Improving Access To Healthier Food For Children: A Balance Between Nutrition, Clean-Label & Engagement
Tuesday, April 21st, 2020
As health perceptions evolve to include more holistic attributes beyond the nutrition label, clean-label represents a way for brands to connect with parents’ values of a more wholesome meal suitable for their child. Contributed by Emil Fazira, Consultant (Food & Nutrition), Euromonitor International
Children’s nutrition is coming under greater scrutiny. Growing economies are seeing a more diverse array of processed and packaged food on shelves. The combination of a widening middle-income group and shrinking households over the years mean that parents have a deeper pocket per child.
Source: Euromonitor International
There is talk of cooking at home becoming a lost art in some countries, partially driven by the vast availability of fresh food choices out of home. In a digital age, food delivery and ordering from online platforms are fast becoming the new norm—but where does that leave home-cooked meals for the younger generation? As young working parents get their groceries delivered, does the grocery list include kid-friendly snacks as well?
The Non-Variable: Parents Want Their Children To Eat Wholesome Food
One thing does not seem to change regardless of population make-up: parents consistently want their children to maintain a healthy diet. The definition of healthy, however, is constantly evolving. In this generation, healthy is more closely related to wholesomeness and generally good for the overall well-being instead of a definition limited by nutrition content. Hence, the way that adults and the general population perceives health changes the way they view what’s healthy for their children as well.
Natural, low sugar/sweetened, and organically certified are the top types of ingredient an average parent prefers for their child in 2019, according to Euromonitor International’s Health and Nutrition survey carried out across a 8,504-strong global sample. Closely linked to the concept of healthy food that is seen as wholesome, clean and generally good for the body, natural is the top preference, and among the top preferences are also claims like “non-artificial”, “no GMO” and “free from preservatives”. Limiting the sweetness of children’s food is also a common preference, either by limiting sugar, having no added sugar, or not containing artificial sweeteners.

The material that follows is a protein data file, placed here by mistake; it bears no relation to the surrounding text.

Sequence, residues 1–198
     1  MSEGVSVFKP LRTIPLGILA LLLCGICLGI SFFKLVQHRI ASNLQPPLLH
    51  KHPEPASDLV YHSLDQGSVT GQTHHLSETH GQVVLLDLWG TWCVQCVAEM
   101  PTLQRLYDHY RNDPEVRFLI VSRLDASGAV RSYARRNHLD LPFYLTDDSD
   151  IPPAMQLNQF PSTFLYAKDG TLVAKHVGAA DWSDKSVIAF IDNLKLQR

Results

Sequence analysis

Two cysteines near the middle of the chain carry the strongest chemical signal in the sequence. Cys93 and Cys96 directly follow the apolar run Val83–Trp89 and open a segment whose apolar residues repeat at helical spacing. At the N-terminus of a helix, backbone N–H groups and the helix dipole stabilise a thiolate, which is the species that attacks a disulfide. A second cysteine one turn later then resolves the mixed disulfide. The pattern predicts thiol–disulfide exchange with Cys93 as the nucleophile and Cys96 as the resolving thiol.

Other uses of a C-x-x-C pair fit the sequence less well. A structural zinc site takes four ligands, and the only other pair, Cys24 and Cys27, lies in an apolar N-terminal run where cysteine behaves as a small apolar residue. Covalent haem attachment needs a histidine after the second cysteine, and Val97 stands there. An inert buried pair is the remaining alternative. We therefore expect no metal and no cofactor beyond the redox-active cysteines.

Transparency through clean labels is a way to boost the health benefit of a product as well as further support the nutrition profile that the product offers.
Implementing Healthy Eating For Children Is Deterred By Factors Outside The Home
In the same survey mentioned above, parents have cited external factors as barriers to implementing a healthy diet for their children.
Source: Euromonitor International Health & Nutrition Survey, 2019 Where n=5,709
It is pertinent that manufacturers ensure their products suit the taste and nutrition profile that parents think are suitable for their children. As is usual with products whose purchasers are not the same as the consumers, brand choice is most likely to stick once the consumer approves of a certain brand, product, and even flavour. This is essential in securing brand loyalty not just with the parent but also with the child who might grow up consuming this same brand or product and will likely pass it on to their own children years down the road. Peer recommendations are common for child-related products.
However, with the increasingly plentiful amount of choices in the market, brands can further engage with consumers (the children themselves) through various formats—digital and own label stores for instance—and raise the brand familiarity of consumers and gain consumer endorsement.
On the flipside, any negative review or controversy will have an impact on the brand image and sales. In such cases, it will be very difficult to regain the trust of consumers. For example, the 2018 case of Heinz and the misleading health claim about its Little Kids Shredz resulted in the company being fined in Australia and New Zealand. Hence, there needs to be a careful review of clean labels that brands adopt to successfully gain consumer endorsement and engagement.